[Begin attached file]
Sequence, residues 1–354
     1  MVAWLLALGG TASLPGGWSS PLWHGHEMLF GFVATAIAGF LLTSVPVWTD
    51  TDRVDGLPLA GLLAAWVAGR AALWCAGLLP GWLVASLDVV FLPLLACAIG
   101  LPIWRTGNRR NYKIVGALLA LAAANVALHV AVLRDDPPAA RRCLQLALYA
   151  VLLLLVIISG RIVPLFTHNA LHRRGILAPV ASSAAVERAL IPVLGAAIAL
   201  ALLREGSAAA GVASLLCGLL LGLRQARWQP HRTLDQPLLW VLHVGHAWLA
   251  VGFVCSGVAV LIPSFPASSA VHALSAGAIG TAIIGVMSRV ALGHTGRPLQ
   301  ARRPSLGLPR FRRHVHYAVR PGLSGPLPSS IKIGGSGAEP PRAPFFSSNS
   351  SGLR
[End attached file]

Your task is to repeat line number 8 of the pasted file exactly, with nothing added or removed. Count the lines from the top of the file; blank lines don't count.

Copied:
   301  ARRPSLGLPR FRRHVHYAVR PGLSGPLPSS IKIGGSGAEP PRAPFFSSNS